Praise should be sincere. Sincere praise not only provides reinforcement, but it also sends an emotional message that says you genuinely care for your athletes and want to see them succeed. Athletes who perceive that their coaches care for them are motivated to give even greater effort in practice. Conversely, insincere praise, besides being ineffective, communicates to athletes that you have little regard for them and their performances. Sincere praise builds the athlete-coach relationship while insincere praise undermines it. Which type of praise do you give your athletes?
Praising effort is important, particularly for young athletes. Children who are praised for their efforts are more apt to develop a view of ability as something they can control and something that can change (Mueller & Dweck, 1998). Consequently, these athletes are more apt to be motivated to train hard and expect results based on personal effort. In contrast, people who are praised for their talent tend to view ability as fixed and unchanging. Consequently, when these athletes experience failure, they are less motivated to train hard.
External Feedback as Reinforcement
Like praise, external feedback can serve as a reinforcer for athlete behaviors. For example, in the game of hot and cold, people shout out “hotter” and “colder” to express how close the player is to reaching the goal. The hotter game players get (i.e., the closer they get to their achievement goal) the more motivated they become to keep going. In this regard, both knowledge of results (KR) and knowledge of performance (KP) act as reinforcers. Two specific external feedback properties that athletes find motivating are the aptly named motivating feedback and informational feedback.
Motivating feedback is defined as feedback about an individual's progress toward goal achievement that energizes and directs behavior. For example, consider a runner who is on the second to last lap and her coach tells her she is on pace for a personal best time. When athletes believe they are improving and moving toward their goals, they become increasingly motivated in their pursuit of goal achievement.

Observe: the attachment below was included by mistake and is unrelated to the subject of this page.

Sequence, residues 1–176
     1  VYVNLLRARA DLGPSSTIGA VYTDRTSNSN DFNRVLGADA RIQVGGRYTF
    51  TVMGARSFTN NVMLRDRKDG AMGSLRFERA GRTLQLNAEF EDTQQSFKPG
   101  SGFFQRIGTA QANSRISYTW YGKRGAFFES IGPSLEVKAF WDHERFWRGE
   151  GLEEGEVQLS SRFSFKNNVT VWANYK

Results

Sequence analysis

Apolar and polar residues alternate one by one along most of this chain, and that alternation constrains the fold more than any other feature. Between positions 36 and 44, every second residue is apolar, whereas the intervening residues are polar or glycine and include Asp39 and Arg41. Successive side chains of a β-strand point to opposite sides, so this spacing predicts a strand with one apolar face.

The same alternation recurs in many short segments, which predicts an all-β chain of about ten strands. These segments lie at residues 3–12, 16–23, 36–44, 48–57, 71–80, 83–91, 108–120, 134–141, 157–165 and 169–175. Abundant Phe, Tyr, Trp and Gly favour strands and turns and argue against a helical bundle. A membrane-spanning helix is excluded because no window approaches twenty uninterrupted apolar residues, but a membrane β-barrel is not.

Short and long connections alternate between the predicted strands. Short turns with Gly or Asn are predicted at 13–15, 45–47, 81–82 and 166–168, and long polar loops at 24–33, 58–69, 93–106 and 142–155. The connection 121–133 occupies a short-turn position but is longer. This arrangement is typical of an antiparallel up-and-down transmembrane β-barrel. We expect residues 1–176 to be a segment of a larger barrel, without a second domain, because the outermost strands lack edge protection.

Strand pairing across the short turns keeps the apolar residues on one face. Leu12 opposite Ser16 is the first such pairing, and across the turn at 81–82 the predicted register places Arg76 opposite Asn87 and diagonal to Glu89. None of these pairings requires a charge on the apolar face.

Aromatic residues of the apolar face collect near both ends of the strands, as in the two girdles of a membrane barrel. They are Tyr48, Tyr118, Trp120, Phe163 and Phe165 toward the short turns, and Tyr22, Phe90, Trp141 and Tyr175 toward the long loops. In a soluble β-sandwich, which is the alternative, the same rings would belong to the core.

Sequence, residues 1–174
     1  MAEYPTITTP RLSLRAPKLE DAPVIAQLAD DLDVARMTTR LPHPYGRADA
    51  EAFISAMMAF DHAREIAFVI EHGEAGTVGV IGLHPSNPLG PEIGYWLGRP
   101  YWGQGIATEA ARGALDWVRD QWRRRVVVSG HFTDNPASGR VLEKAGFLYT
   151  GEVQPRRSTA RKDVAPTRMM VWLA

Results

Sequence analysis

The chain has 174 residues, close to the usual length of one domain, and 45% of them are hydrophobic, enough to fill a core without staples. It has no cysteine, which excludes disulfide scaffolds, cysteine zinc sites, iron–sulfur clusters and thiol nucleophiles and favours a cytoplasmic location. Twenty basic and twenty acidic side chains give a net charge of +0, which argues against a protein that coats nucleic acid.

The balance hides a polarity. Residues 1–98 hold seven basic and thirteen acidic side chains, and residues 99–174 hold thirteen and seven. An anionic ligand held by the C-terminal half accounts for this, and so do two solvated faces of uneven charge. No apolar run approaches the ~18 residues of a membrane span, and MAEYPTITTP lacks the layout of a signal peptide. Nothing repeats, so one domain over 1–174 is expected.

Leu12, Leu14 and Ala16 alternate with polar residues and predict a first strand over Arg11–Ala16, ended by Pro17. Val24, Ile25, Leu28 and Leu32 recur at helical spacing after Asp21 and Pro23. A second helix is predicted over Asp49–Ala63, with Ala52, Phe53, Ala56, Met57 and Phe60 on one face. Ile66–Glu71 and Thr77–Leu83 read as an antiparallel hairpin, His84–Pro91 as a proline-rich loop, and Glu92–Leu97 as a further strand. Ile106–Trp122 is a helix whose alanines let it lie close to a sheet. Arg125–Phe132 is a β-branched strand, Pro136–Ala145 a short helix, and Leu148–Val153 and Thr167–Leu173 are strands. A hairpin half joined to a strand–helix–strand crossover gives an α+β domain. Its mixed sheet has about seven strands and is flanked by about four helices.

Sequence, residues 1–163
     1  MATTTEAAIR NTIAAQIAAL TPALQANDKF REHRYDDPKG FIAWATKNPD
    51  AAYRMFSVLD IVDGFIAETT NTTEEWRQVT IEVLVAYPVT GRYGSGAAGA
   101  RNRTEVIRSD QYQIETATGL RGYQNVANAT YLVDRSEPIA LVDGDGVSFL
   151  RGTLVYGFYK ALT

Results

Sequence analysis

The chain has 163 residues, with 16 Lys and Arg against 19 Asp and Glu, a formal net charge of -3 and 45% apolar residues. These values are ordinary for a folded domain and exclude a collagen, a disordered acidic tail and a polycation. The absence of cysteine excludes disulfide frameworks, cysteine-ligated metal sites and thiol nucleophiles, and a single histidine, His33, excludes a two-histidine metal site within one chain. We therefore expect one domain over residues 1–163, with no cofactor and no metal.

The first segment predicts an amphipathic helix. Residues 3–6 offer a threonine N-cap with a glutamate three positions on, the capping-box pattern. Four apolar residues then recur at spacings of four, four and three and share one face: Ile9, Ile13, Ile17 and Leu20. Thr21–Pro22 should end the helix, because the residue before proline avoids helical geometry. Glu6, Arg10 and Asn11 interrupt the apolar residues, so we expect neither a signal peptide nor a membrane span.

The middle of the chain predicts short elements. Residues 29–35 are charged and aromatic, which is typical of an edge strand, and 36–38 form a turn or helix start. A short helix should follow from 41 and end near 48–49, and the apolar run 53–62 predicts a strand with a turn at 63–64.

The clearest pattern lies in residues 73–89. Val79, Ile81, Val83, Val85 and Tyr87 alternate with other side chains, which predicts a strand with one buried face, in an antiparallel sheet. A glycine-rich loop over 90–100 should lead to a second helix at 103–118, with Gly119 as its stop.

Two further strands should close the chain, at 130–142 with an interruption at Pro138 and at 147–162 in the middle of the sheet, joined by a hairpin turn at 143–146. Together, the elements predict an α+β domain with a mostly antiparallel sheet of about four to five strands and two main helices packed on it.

Informational feedback is defined as feedback that provides performers with error correction information, either descriptive (what happened) or prescriptive (what needs to happen). This type of feedback is motivating to all athletes, but it is particularly motivating for athletes engaged in deliberate practice (i.e., setting specific goals for everything they do in practice). For these athletes, informational feedback is like food to a hungry traveler; they devour it. They want to improve with each practice and informational feedback helps temporarily satisfy their craving for knowledge about their progress toward improved performance.
Extrinsic and Intrinsic Motivation
Some people engage in specific behaviors because they have extrinsic motivation: They engage in the behaviors because they anticipate certain external rewards. For example, some athletes try out for a team because they anticipate earning a varsity letter, a trophy, a college scholarship, and so on. Other people have intrinsic motivation: They engage in athletics because they respond well to internal sources of reinforcement such as personal satisfaction and sense of accomplishment. These athletes derive internal reinforcement from achievements such as throwing a perfect pass, performing a great gymnastics routine, swishing a 3-point shot, running a perfect race, and so on. The beauty of sport is that this list is virtually endless.